GM

It's up to 2.6 million cars.

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TOLEDO, Ohio—Two polling places and about two dozen voters. That’s not even close to a scientific sample, even if the sample is from Ohio. If you're reading in order to divine how the rest of the nation will vote, please stop. You won't find it here. But staking out interesting precincts has become an election year tradition for me, because conversations with actual voters inevitably yields some insights about how they are thinking—and, more specifically, how they process the information and arguments so familiar to those of us in the business of politics.

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Having told Ohio one whopper about Obama's auto industry rescue, Romney tells an even bigger one.

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So if you haven’t found a job yet: You’re better off coming to the city than sitting on your parents’ couch. Mayor Mike Bloomberg, Remarks at the Cornell University 2012 Convocation, May 27, 2012 As another college graduation season draws to a close, today’s New York Times reports the results of a small analysis we conducted on college degree attainment rates in metropolitan areas. We examined the share of adults age 25 and over in the 100 largest U.S. metro areas who held at least a bachelor’s degree in 2010, versus in 1970.

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Mitt Romney is talking about the auto industry rescue again. But his latest argument is even more convoluted, and misleading, than his previous ones.  Romney makes the argument in an op-ed that appears in Tuesday’s edition of the Detroit News. (You may have seen it; Greg Sargent flagged it this morning). Romney starts by reminding readers of his connection to the state (he was born and grew up here) and to the auto industry (his father, George Romney, ran the American Motors Company before becoming governor). “Cars got in my bones early,” Romney writes.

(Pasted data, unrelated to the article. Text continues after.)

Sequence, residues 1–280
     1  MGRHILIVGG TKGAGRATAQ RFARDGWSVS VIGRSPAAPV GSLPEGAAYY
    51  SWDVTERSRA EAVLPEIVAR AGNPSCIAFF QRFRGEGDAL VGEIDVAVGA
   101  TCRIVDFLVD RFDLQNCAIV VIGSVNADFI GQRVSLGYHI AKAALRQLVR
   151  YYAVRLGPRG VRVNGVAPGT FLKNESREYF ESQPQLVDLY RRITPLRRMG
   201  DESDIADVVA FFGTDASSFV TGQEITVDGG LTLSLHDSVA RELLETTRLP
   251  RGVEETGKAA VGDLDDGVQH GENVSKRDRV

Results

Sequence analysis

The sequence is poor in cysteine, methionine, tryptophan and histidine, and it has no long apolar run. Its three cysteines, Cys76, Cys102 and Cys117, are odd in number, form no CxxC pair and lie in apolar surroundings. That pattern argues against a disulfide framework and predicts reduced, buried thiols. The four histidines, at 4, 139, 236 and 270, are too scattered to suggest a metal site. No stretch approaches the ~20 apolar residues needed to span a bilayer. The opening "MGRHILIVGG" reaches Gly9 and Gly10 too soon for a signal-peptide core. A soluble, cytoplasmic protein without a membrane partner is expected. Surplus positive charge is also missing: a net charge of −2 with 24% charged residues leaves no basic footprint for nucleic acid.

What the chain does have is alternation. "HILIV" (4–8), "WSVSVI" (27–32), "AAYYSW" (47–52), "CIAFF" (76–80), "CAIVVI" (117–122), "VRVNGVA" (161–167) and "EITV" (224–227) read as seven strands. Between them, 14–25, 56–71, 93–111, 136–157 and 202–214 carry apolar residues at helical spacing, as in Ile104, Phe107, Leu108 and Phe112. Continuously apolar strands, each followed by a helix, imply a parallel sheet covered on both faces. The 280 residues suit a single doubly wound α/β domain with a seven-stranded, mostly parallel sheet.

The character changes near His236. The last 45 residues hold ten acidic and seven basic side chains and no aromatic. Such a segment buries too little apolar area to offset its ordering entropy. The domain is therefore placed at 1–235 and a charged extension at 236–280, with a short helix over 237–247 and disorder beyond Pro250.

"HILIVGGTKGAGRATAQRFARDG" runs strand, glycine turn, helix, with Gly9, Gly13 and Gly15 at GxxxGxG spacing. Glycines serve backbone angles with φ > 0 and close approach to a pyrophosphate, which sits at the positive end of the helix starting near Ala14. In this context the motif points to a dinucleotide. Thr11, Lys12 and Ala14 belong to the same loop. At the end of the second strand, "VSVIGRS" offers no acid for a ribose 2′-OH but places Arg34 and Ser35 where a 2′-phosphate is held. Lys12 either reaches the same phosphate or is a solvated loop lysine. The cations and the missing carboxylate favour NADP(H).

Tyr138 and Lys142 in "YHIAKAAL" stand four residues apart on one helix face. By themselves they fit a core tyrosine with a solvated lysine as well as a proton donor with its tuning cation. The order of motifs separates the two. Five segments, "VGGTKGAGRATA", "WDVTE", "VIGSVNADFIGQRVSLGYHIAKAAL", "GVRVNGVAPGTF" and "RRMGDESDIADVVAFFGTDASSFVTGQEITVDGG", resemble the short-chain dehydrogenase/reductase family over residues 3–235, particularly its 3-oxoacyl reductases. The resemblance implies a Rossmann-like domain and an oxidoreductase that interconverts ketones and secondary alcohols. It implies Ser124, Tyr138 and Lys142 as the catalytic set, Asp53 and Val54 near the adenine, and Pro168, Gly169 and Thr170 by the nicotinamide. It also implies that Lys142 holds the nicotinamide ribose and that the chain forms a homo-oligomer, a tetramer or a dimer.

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Two days ago, I noted the element of nostalgia for the post-World War II era  in President Obama's State of the Union address and its precursor, his much-hyped speech last month in Kansas. In his call for restoring the public investment and middle-class stability of those years, I wrote, Obama seeks to "demonstrate that more broadly shared prosperity, with higher marginal tax rates, is not incompatible with strong economic growth, and is in fact inextricably linked with it.

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Sovereign Equality and Moral Disagreement By Brad R. Roth (Oxford University Press, 320 pp., $70) Sovereignty is back. Our debates about the global economic crisis keep returning to the problem of sovereign debt and the need for sovereign guarantees to reassure the markets. We keep hoping that somewhere, sometime, in the downward spiral of de-leveraging and disillusion there will be an authority—a sovereign—to take charge and put an end to our anxiety. This longing for an authority, after years of market follies, runs very deep. We want to know that someone is in control.

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Given the blizzard of White House briefings to eager reporters in recent days, we already have some sense of what the president will say in tonight’s State of the Union address. But in considering the speech, we shouldn’t forget to judge it in its full political context—most of all, the fact that this is an election year. Here are five things to listen for: For better or worse, an incumbent president’s record is at the heart of his reelection prospects. President Obama cannot run away from his record; he must run on it.

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Nader and the Corvair

A number of readers have expressed surprise at my statement (which I attributed to the late Daniel Patrick Moynihan, then a Harvard professor and subsequently a senator from New York) that Ralph Nader was wrong about the Corvair. I thought the story was well known, but apparently it isn't. In his 1965 book Unsafe at Any Speed, Nader made the Corvair a case study in corporate irresponsibility. I don't know the details but the car had some sort of rollover problem. Many of the same criticisms of the Corvair were made around the same time by the journalist James Ridgeway in this magazine.

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with Louis Liss The Obama administration recently announced that it intends to ratchet up automobile fuel economy and emissions standards in the next 14 years to levels currently reserved for hybrids. But is this proposal a bridge too far or just what the economy needs? A Washington Post article from a few days ago outlines the debate, with several detractors worried that it would raise costs too much and take away jobs. On the flipside, the Infrastructurist’s Eric Jaffe quotes some interesting rebuttals from both the United Auto Workers and GM.

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